Where is the leadership from our pro-life "leaders"?  It sure seems like they are leading from behind.  National Right to Life claims their official position is that the rape exception should not be added, but there doesn’t seem to be much conviction behind the rhetoric.  A popular, national pro-life blog boldly and unequivocally calls the rape exception "unnecessary and repugnant", then equivocates and supports any and all exception-laden bills that go up for a vote.  Countless elected officials proudly crow about their pro-life credentials, despite the fact that the rape exception is part of their pro-life legislative template.  Many of the national pro-life organizations accept the rape exception with hardly a whimper, or write it into their model legislation automatically, yet they now seem to be bragging that they are taking a stand against the reporting requirements being removed.  If only they’d take a stand against the rape exception itself!  These organizations give cover to the politicians through their ratings and endorsements.  They are not leading -- they are following and enabling.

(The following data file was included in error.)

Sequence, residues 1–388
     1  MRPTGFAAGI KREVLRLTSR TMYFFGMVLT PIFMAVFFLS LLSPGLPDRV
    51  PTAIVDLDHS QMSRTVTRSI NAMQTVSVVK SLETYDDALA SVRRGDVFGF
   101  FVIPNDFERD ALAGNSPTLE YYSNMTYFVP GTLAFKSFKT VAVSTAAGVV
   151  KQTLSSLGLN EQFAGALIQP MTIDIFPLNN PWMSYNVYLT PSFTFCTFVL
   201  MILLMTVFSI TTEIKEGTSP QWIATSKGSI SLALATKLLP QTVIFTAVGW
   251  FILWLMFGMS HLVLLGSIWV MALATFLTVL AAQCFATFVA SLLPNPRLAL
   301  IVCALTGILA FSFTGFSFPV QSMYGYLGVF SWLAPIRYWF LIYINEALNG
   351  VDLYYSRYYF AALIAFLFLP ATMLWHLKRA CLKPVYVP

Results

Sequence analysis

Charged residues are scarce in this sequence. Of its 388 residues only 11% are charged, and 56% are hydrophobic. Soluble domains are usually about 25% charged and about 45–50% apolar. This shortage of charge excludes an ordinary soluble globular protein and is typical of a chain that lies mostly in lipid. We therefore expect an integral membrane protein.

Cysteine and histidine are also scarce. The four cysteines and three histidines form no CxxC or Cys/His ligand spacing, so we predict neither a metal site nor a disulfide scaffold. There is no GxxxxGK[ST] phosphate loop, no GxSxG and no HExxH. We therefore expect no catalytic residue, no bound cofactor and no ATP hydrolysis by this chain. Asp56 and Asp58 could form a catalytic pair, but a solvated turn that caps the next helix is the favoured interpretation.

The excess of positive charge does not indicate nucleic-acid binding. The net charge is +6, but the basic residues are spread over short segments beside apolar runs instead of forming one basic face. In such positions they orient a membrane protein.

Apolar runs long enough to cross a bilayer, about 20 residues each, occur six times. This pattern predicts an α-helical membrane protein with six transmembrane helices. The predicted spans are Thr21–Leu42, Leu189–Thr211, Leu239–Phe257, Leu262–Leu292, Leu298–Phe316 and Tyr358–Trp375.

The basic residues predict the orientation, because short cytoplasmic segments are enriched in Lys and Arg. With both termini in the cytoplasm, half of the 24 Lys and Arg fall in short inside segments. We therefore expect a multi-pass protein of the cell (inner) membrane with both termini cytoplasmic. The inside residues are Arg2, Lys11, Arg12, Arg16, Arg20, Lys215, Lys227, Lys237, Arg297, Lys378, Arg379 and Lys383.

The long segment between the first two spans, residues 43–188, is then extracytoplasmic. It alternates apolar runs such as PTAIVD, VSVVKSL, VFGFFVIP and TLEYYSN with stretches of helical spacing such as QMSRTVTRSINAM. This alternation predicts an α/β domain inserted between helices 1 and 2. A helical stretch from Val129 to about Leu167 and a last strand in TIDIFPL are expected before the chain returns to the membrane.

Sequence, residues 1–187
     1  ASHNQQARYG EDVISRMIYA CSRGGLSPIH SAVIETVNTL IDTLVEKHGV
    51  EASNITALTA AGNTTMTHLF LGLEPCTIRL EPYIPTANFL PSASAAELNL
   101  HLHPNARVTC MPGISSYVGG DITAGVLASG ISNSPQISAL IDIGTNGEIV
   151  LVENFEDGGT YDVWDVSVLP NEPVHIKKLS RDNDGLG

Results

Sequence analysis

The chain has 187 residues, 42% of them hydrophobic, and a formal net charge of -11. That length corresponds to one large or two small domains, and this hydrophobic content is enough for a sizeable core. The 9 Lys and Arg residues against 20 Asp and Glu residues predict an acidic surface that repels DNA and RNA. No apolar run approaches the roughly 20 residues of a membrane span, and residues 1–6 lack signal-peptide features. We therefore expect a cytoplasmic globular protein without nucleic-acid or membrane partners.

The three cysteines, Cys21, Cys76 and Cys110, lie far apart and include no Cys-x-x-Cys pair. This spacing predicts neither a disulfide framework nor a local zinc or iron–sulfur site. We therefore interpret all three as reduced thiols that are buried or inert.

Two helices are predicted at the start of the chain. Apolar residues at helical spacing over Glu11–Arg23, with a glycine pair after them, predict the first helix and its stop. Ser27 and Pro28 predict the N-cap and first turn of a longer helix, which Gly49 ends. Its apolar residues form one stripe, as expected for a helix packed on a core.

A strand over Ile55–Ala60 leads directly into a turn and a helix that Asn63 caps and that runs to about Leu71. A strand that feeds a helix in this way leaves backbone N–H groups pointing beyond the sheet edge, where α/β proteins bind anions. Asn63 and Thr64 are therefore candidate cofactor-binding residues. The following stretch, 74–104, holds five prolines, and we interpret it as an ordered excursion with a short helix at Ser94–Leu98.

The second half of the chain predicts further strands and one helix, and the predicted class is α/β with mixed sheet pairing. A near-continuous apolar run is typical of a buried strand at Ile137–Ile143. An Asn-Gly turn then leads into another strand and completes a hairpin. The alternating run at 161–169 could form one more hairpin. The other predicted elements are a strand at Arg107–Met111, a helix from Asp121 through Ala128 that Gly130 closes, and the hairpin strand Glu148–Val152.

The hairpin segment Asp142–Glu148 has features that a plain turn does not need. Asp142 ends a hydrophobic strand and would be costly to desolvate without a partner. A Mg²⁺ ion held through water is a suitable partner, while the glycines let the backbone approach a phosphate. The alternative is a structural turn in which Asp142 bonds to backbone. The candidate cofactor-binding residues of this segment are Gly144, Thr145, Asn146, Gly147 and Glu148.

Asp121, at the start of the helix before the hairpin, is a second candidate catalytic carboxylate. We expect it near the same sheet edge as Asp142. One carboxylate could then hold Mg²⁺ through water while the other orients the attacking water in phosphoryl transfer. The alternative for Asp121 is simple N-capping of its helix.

As a pro-life community, we are represented by many organizations and leaders along with the pro-life lawmakers, and they eagerly accept any support we offer them.  Sometimes, I wonder which is the cart and which is the horse?  In actuality, they work for us -- the pro-life grass roots community, not the other way around.  I am hoping they hear the voices of the so-called “hard cases” and begin to work for a higher standard of what it means to be pro-life.  Let’s stop living with the rationalizations that pro-life people are forced to live with when they accept the rape exception in law.  "No exceptions" should be the standard.

 
BIO:  Jim Sable is a husband, father of three,

and a national pro-life speaker and blogger

for Save The 1, from the Chicago area.  He

serves on the Board of Save The 1, as well